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Homeopathy: Why Is The Canadian Government Regulating A Scam?

Regular readers of the Better Health blog are familiar with the shoddy science behind homeopathy (an outdated system of “medical” treatment that relies on water dilution and shaking to ‘”strengthen” the effects of drugs). But because homeopathic placebos have been marketed so successfully (even receiving paid endorsements from hockey teams), the Ontario government has decided to regulate homeopathic practices.

In this terrific news exposé, reporters ask if it’s appropriate for the government to regulate health scams. In doing so, are they not lending credibility to modern-day snake oil? Check out these videos and let me know what you think. Is there a roll for government in regulating homeopathy?

Part 1:  

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Medical Scam: High Heels, Short Skirts, And DNA Samples

Without having one myself, I am pretty familiar with bone marrow transplant as a potential curative and lifesaving approach. After all, it was invented in my hometown of Seattle and I’ve met Dr. Donall Thomas who won a Nobel prize for developing the approach. I have met people who have been given a new lease on life because of transplant, I’ve known people who have died when transplant did not work for them or complications overwhelmed them, and I know many doctors who are transplant experts.

I know how finding a perfect match can be hard — especially when the patient in need is part of an ethnic minority. And I have heard the horror stories of matched donors saying no to patients who would die if they didn’t receive a transplant from them.

Now comes a story from Massachusetts that’s almost as bad — not a story of sentencing people to death by not donating, but a story of defrauding our healthcare system and, in the process, undermining a legitimate nationwide effort to have more people registered as potential donors. Read more »

*This blog post was originally published at Andrew's Blog*

Latest Interviews

IDEA Labs: Medical Students Take The Lead In Healthcare Innovation

It’s no secret that doctors are disappointed with the way that the U.S. healthcare system is evolving. Most feel helpless about improving their work conditions or solving technical problems in patient care. Fortunately one young medical student was undeterred by the mountain of disappointment carried by his senior clinician mentors…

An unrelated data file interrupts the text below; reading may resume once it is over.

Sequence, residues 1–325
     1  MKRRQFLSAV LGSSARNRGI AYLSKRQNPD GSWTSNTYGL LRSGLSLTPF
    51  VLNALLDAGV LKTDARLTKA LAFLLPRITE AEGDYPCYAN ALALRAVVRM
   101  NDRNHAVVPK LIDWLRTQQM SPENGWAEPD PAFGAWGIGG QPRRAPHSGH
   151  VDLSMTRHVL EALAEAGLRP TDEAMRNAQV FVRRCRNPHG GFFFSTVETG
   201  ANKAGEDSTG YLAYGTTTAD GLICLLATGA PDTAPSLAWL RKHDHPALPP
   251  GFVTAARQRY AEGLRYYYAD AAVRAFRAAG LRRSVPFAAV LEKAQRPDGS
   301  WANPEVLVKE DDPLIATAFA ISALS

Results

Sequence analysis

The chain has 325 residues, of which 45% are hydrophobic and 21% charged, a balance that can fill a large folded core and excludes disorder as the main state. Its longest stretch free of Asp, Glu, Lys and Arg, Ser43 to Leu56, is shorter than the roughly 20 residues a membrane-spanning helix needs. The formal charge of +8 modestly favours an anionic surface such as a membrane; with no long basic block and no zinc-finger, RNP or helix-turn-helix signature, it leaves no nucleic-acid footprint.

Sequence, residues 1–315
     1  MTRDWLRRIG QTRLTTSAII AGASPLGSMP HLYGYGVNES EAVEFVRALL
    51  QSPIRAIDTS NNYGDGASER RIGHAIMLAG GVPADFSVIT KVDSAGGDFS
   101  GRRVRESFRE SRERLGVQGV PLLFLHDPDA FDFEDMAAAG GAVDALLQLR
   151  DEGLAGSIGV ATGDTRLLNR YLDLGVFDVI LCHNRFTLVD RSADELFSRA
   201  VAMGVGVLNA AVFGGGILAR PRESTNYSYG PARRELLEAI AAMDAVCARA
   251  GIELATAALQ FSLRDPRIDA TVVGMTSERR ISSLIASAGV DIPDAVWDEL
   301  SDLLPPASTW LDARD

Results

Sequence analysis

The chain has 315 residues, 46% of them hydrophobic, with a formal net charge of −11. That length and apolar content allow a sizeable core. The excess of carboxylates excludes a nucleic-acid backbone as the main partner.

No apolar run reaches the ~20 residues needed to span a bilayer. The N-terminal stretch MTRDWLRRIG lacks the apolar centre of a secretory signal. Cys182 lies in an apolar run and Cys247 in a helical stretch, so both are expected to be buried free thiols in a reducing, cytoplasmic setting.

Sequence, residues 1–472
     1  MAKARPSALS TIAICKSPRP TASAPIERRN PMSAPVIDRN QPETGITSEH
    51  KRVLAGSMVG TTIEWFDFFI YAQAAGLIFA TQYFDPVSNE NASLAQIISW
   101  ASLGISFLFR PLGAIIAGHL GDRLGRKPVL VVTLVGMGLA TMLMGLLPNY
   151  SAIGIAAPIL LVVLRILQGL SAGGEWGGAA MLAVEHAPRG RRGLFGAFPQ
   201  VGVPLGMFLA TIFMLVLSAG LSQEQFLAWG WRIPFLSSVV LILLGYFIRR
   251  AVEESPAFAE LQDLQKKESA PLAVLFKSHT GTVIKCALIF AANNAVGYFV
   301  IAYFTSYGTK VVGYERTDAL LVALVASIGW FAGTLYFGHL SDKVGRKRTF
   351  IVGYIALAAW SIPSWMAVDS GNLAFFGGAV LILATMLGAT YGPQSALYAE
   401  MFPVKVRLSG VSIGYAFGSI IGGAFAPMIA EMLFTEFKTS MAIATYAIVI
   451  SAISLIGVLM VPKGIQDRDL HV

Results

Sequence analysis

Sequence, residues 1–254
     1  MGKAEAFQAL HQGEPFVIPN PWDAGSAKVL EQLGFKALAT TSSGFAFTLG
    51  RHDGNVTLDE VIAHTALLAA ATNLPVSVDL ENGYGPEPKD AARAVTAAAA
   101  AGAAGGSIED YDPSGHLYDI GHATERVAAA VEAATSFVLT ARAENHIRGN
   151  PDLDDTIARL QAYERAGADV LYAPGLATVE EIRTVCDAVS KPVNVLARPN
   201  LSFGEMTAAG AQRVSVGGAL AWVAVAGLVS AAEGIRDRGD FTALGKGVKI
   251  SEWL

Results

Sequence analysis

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How To Be A Successful Patient: Young Doctors Offer Some Advice

I am proud to be a part of the American Resident Project an initiative that promotes the writing of medical students residents and new physicians as they explore ideas for transforming American health care delivery. I recently had the opportunity to interview three of the writing fellows about how to…

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Latest Book Reviews

Book Review: Is Empathy Learned By Faking It Till It’s Real?

I m often asked to do book reviews on my blog and I rarely agree to them. This is because it takes me a long time to read a book and then if I don t enjoy it I figure the author would rather me remain silent than publish my…

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The Spirit Of The Place: Samuel Shem’s New Book May Depress You

When I was in medical school I read Samuel Shem s House Of God as a right of passage. At the time I found it to be a cynical yet eerily accurate portrayal of the underbelly of academic medicine. I gained comfort from its gallows humor and it made me…

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Eat To Save Your Life: Another Half-True Diet Book

I am hesitant to review diet books because they are so often a tangled mess of fact and fiction. Teasing out their truth from falsehood is about as exhausting as delousing a long-haired elementary school student. However after being approached by the authors’ PR agency with the promise of a…

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